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    While commentators widely acknowledge the importance of the role of the shepherd image in portraying the God of Israel, the earthly leadership and Jesus in the Hebrew Bible (HB) and the New Testament (NT), the two appearances of the images in Mark’s Gospel (6:34; 14:27) may appear to be of limited significance in portraying Jesus and his ministry, compared with the use of the Son of Man. While Mark’s use of the shepherd images has been the subject of scholarly debate, there is not yet a thorough analysis fully acknowledging the literary qualities of these images, which are intertextual references to the HB and figures of speech for narrative characterisation. Previous intertextual studies of the shepherd images selectively reduce the original literary backgrounds of the references to static themes without clarifying the selection process. Other examinations explore how the images portray Mark’s Jesus. However, those analyses inadequately consider the connections between the portrayal of Jesus as the Davidic shepherd and the other portraits of Jesus and the relevance between the two shepherd images along the plotline. By adopting a narrative-critical approach using Genette’s conception of narrative metalepsis, this thesis offers insights into the significance of Mark’s use of the shepherd images. It illuminates how the original literary background of the shepherd images functions to characterise Jesus and other characters along the plotline and create rhetorical impacts on Mark’s implied readers, persuading them to acknowledge the shepherding work of Jesus and the nature of being his disciples. Chapter 1 surveys the issues related to Mark’s shepherd image and reviews the secondary literature on the topic. Chapter 2 establishes a narrative-critical method for the thesis. By defining a specific implied reader, the methodology offers a theoretical framework for approaching the two shepherd images in Mark’s narrative as intertextual references and 2 figures of speech. Chapter 3 conducts an exegetical examination of the events surrounding the shepherd images in Ezekiel 34 and in Zech 13:7–9. This examination demonstrates how these events are relevant to the shepherd images and their significance in their original literary contexts. Chapter 4 studies the plot development of Mark 1:1–6:6 and explores how Mark’s narrator portrays Jesus and other characters, preparing the implied readers to receive the shepherd images. Before the concluding chapter summarises the present research, chapters 5 and 6 investigate the stories of Jesus feeding the five thousand (6:30–44) and Jesus’ prediction of Peter’s denial (14:26–31), which contain the two shepherd images in Mark’s narrative. Through the lens of narrative metalepsis, the analysis explains how the images characterise Jesus and other characters in the immediate context. These chapters also demonstrate how the portrayal of Jesus the Davidic shepherd connects to other portraits in the broader context of Mark’s narrative, creating rhetorical impacts on the implied readers. The metaleptic understanding of the shepherd images in Mark’s narrative highlights their profound significance in contrast to previous studies in several ways. First, Jesus is characterised as the Davidic shepherd appointed to fulfil God’s radical restoration with his death. The renewed community will enjoy the abundance of God and live a life of purity under Jesus’ shepherding ministry. Second, the Jewish religious leaders are portrayed as incorrigibly corrupted and deserving of God’s punishment. Lastly, the disciples appear to be both the insiders and outsiders in God’s kingdom. Their desertion of Jesus after he is arrested is to be understood as part of God’s refining and testing of them, demanding a response. Will they decide to follow Jesus the Davidic shepherd who will radically restore the covenantal relationship, or will they become outsiders in the kingdom of God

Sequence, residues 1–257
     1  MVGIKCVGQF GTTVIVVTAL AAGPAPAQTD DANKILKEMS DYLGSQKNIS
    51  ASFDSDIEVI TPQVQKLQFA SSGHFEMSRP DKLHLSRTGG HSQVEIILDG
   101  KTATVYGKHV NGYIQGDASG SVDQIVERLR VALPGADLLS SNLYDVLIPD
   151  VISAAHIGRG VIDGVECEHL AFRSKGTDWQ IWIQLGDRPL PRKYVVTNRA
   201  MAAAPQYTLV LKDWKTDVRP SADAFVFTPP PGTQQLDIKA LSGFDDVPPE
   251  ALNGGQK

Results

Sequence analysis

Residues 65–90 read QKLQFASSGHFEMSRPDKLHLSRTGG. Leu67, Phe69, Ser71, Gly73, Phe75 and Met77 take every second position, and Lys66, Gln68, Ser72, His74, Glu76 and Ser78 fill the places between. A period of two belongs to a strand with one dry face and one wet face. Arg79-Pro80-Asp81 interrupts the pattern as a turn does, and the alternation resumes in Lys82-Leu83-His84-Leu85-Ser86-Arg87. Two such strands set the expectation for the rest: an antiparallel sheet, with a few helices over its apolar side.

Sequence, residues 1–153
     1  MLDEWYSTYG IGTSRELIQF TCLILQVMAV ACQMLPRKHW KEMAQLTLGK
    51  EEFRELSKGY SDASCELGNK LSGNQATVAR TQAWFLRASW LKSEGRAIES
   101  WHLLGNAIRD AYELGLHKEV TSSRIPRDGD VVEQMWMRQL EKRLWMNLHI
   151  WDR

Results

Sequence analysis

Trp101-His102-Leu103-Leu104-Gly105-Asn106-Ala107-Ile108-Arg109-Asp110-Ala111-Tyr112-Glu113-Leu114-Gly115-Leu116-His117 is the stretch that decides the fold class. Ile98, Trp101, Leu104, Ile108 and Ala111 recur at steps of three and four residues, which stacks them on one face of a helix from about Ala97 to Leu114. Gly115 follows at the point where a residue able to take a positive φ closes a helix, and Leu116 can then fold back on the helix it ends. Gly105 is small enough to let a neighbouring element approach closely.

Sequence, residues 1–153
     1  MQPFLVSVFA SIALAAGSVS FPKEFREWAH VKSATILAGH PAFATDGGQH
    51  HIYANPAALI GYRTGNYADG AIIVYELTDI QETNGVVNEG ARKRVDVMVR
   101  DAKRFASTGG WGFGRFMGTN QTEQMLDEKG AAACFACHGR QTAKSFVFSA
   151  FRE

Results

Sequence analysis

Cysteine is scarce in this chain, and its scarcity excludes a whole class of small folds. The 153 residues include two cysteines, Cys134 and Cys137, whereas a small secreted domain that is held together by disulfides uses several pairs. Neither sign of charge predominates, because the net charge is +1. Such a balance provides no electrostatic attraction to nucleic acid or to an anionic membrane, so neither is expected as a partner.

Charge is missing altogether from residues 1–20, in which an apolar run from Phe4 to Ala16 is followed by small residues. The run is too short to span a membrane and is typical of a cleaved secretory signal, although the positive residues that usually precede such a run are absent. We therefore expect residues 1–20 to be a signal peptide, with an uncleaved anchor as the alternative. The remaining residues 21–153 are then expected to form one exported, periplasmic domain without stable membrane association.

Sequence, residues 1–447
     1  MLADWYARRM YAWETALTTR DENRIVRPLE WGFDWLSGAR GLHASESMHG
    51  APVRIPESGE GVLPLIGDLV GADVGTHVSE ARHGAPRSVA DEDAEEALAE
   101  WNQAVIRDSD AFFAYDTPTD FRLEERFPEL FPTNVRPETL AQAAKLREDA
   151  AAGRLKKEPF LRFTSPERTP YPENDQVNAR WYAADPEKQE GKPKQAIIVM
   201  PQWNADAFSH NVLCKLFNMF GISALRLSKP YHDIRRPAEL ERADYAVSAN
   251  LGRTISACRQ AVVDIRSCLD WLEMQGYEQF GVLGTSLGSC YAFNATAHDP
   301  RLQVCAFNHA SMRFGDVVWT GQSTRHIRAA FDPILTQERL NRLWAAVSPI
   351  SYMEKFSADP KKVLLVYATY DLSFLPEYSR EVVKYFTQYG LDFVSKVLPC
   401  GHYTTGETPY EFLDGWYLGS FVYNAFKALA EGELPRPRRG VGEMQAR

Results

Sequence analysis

Gabriel Harvey and the History of Reading: Essays by Lisa Jardine and others